Reality Bites

 

I promised myself I would never tell this story until my kids were grown and had no real need for me anymore. . . until the day when I became a grandmother and my secrets could be kept behind doors not as easily accessible.  But I forgot there were times in life when a person is alone with herself; when there is no hiding from what is real and what you have been hiding behind for all those years.  I am in such a place now – a place where my children have gone to college and my dog has died and I spend my nights staring at rerun after rerun of Law & Order hopelessly mired in my own muck.  It is not as impossible a place as I believed it would be.  You can be content with little.  You can make do with night after night after week after month when no one hugs you, when your skin craves touch and cringes from it at the same time.  I know.  The existence I so feared is now the one I live within daily – and I am living proof you can live to tell about it. The  constant   pain of Fibromyalgia and the breathing issues put me on Disability, but I can be of service by working part-time.  Nevertheless, the biggest and worst  of these health issues would be a whopper of an addictive personality.  If I could get addicted to Cheese-whiz, I would, no kidding.  The worst years of my life have been spent in the depths of addiction – in my late teens and early twenties it was alcohol; my forties brought with them an addiction to prescription pills.

It wasn’t like I didn’t try to live a clean life.  I had twenty years of sobriety before pain resulting from Fibromyalgia led me to believe my doctor that the only answer was prescription pills.  After five years of literal hell in the depths of despair and addiction, I nearly died and was given a second chance.  I knew I was in trouble but couldn’t get the help I needed.  No rehabilitation facility or hospital program wanted to take me – I was too big a medical risk.  When my system ultimately collapsed, I had a chance to get the help I needed.  I have remained sober since . . . not always the easiest of tasks.  Dulling the pain, checking out into numbness, fading to black, still have their lures.  It can be extremely seductive to be oblivious.  Nevertheless, the biggest and worst of  these health issues would be a whopper of an addictive personality.  If I could get addicted to Cheese-whiz, I would, no kidding.  The worst years of my life have been spent in the depths of addiction – in my late teens and early twenties it was alcohol; my forties brought with them  an  addiction to prescription pills.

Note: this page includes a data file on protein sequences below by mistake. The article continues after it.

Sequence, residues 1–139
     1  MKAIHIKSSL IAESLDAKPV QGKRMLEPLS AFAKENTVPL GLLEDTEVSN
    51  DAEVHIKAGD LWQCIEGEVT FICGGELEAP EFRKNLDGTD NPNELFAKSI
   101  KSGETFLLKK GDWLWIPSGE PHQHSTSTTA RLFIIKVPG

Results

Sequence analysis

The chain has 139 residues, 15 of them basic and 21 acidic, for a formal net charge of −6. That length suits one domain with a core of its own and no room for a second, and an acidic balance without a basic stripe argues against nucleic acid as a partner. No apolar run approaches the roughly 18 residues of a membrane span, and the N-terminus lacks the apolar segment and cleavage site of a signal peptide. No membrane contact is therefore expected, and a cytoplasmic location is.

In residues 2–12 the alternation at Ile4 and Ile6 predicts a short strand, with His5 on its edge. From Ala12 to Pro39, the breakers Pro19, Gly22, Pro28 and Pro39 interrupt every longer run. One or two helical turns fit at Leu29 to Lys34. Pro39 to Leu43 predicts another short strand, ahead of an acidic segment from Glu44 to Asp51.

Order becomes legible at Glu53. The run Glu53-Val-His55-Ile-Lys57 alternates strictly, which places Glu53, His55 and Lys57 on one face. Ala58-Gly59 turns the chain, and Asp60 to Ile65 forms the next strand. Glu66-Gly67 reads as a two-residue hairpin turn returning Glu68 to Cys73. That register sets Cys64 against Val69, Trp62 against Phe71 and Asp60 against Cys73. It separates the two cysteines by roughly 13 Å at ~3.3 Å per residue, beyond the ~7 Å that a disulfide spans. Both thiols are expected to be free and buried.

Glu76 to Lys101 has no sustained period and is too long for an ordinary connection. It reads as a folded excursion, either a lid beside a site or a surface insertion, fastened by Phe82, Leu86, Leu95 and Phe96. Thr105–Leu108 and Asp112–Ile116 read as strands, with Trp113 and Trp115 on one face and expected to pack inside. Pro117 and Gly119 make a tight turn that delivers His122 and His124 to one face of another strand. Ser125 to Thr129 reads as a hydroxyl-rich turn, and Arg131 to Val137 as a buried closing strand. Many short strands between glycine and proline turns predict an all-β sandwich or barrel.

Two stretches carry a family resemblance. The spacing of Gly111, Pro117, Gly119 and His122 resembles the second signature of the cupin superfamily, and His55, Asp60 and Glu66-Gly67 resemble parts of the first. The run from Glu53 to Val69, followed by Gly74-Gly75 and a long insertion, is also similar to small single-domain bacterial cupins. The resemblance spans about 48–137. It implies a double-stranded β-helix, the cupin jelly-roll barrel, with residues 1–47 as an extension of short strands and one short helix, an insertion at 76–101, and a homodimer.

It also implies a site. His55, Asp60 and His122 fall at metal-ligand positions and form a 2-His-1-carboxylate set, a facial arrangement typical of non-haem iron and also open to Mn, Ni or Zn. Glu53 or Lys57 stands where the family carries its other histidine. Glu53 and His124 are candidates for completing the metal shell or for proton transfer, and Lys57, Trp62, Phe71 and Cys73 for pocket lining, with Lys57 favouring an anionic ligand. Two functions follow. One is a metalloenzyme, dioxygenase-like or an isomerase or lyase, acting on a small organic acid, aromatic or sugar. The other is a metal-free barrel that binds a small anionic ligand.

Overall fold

It wasn’t like I didn’t try to live a clean life.  I had twenty years of sobriety before pain resulting from Fibromyalgia led me to believe my doctor that the only answer was prescription pills.  After five years of literal hell in the depths of despair and addiction, I nearly died and was given a second chance.  I knew I was in trouble but couldn’t get the help I needed.  No rehabilitation facility or hospital program wanted to take me – I was too big a medical risk.  When my system ultimately collapsed, I had a chance to get the help I needed.  I have remained sober since . . . not always the easiest of tasks.  Dulling the pain, checking out into numbness, fading to black, still have their lures.  It can be extremely seductive to be oblivious.